How to Keep a Living Houseplant

Maintaining a living houseplant means providing it with what it needs on a long-term basis. Maintaining a living houseplant means not forgetting its existence for months. Keeping a living houseplant is a sign that you have crossed the threshold into a capable adult life.

So how do you keep a living houseplant?

Sunlight, water and soil make plants happy

To keep your plant alive, you need to give it enough sunlight and water, as well as the right soil and nutrients. How much of each will depend on a particular plant, and too much or too little will lead to another death. The key to doing this is learning what your particular plant needs and figuring out how to provide it correctly and how to recognize the warning signs that something is wrong if you are doing it wrong. While it sounds simple, it takes a little practice to get it right (sorry, leavening).

How to tell if a plant is getting too much or too little sunlight

Plants need light for photosynthesis , through which they can generate energy. Each type of plant requires a different amount of light.

Too much light – and plants scorch, discolor and wither. Too little light, and they become pale and wilted, their leaves become long and thin to reach for the light source – or, conversely, they completely fall off.

Different plants require low, medium, or high light conditions, so it’s important to figure out what a particular plant needs and what space in your home can provide for it. Low-light plants should be placed out of direct sunlight, medium-light plants in a well-lit area of ​​your home, and high-light plants in the sunniest places in your home.

If you’re not sure what the sunlight requirements for your plant are, one useful metric is to look for a foot candle , which is a measure of the intensity or brightness of the light. A low-light plant requires 50 to 250 foot-candles, a medium-light plant requires 250 to 1,000 foot-candles, and a high-light plant requires over 1000 foot-candles.

How to tell if a plant is over-watered or not over-watered

Too much water is just as bad as not having enough water. If the plant is over-watered, the tips of its leaves turn brown, the base of the stem becomes soft and soft, and it develops yellow leaves that fall off. If the plant is not watered, the leaves begin to curl, turn brown and crunchy.

This is why it is so important to water the plant at the right intervals and in the right amount. Each plant has its own requirements, but a good indicator of whether a plant needs more water is to feel the soil. If the soil is wet or damp, you do not need to water it. If the soil is dry, depending on the plant, more water may be required.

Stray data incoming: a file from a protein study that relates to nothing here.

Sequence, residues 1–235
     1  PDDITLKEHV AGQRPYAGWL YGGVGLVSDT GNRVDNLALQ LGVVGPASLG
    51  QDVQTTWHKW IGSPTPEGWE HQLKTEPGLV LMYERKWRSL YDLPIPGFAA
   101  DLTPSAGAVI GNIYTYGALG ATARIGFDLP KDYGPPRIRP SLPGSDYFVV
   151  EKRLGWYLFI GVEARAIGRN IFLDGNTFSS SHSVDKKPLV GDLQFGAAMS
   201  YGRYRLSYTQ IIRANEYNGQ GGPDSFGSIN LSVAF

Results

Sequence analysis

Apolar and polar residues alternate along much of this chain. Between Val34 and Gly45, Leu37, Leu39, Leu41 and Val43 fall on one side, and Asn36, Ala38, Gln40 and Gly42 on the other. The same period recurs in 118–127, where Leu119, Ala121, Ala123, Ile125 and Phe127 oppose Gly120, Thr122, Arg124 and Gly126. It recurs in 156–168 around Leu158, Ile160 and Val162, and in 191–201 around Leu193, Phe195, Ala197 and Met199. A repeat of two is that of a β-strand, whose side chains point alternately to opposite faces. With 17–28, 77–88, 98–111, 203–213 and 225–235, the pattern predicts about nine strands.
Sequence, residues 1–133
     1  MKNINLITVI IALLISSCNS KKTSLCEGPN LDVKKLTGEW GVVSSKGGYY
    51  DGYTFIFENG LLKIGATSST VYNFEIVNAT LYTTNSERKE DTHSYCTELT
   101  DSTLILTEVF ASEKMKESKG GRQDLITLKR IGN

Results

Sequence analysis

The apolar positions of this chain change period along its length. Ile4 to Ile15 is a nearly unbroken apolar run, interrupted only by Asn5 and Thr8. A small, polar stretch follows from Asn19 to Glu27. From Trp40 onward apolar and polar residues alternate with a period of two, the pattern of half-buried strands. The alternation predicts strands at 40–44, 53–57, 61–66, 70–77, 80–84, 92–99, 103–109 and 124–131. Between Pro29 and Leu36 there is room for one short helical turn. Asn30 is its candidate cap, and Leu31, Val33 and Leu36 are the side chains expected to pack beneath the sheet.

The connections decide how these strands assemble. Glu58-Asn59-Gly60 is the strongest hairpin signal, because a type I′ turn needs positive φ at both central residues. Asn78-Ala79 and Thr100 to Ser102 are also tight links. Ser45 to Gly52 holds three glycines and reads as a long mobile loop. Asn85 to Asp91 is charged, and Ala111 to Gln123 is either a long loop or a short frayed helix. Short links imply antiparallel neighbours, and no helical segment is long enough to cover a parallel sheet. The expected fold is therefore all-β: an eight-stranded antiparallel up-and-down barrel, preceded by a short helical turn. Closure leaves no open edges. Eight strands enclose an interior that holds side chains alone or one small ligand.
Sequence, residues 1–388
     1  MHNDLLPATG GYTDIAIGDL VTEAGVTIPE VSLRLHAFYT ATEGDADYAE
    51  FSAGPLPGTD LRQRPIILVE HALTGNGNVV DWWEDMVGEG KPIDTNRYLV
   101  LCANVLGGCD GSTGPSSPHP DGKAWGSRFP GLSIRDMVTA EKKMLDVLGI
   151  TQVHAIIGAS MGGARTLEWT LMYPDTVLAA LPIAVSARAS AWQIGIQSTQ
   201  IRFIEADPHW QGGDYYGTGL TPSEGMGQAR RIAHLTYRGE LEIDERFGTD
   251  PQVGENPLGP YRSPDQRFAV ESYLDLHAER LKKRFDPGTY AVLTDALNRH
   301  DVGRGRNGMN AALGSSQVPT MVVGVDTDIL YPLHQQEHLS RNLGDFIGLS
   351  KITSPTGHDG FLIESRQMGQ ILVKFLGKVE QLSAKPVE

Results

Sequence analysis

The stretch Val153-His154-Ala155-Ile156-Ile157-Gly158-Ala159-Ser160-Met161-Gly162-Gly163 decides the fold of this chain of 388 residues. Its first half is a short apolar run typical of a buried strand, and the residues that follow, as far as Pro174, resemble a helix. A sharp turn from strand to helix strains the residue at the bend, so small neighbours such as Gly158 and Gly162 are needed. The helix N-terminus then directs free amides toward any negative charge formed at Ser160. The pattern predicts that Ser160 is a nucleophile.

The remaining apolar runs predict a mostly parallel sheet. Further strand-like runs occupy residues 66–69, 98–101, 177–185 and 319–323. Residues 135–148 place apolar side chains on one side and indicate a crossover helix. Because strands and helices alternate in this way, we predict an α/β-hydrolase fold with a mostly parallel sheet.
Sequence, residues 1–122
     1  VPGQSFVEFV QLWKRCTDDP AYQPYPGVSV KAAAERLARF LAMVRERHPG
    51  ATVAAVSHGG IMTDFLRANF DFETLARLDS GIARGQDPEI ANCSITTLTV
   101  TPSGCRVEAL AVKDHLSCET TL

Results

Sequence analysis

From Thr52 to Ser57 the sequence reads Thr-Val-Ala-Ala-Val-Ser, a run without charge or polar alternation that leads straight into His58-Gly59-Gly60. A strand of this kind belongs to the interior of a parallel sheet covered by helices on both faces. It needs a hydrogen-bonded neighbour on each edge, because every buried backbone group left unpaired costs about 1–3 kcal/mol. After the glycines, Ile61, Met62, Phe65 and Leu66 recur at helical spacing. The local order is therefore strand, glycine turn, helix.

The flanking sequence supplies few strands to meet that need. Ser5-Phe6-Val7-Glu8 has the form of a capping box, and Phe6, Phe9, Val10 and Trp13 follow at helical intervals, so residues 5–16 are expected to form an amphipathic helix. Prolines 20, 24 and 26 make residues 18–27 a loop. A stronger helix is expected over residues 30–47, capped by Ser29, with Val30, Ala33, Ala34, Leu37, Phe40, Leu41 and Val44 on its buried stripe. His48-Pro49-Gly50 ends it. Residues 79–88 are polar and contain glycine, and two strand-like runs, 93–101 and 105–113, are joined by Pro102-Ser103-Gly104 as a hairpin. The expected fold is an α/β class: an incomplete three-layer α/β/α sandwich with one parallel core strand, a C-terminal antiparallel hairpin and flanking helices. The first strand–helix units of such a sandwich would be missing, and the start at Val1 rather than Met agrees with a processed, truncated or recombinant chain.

When it comes to getting your plants to get the right amount of water, drainage is critical. For example, if the soil in the pot is constantly wet, this is a sign that the water is not draining, and this can lead to the roots slipping.

Two ways to ensure proper drainage is either by filling the bottom half of the pot with a pack of peanuts, or by lining the pot with coffee filters to aid in proper drainage. It is also important to drain off any water that accumulates in the drain pan , as leaving it there is also harmful to the roots.

The soil

Most indoor plants should be planted in regular potting soil . Exceptions are orchids, which require more drainage and for which special orchid mixes are available, as well as cacti and succulents that require more drainage, which can be helped by adding sand.

Nutrients

You will need to fertilize your plants periodically to ensure they are getting the nutrients they need. Usually, a conventional houseplant fertilizer is sufficient if it contains a mixture of nitrogen, phosphorus and potassium. These fertilizers can be purchased in liquid form, in sticks and tablets, and in granular or slower form. A good rule of thumb is to fertilize when the plant is actively growing – usually in the spring – and remember that, like water, too much fertilizer is just as bad as too little.

Easy Plants for Beginners

Some beginner-friendly indoor plants include aloe vera, Chinese evergreen, Christmas cactus, blunt cane, jade plant, lucky bamboo, snake plant, and peaceful lily. While these names may sound unfamiliar to new growers, you’ve probably seen them in the homes and apartments of people you know. These plant species can probably thrive in your home as well – if you do a little research to figure out what they need and how to give it to them. Once you do this, you can keep your plant friend alive. And just think how nice it will be.

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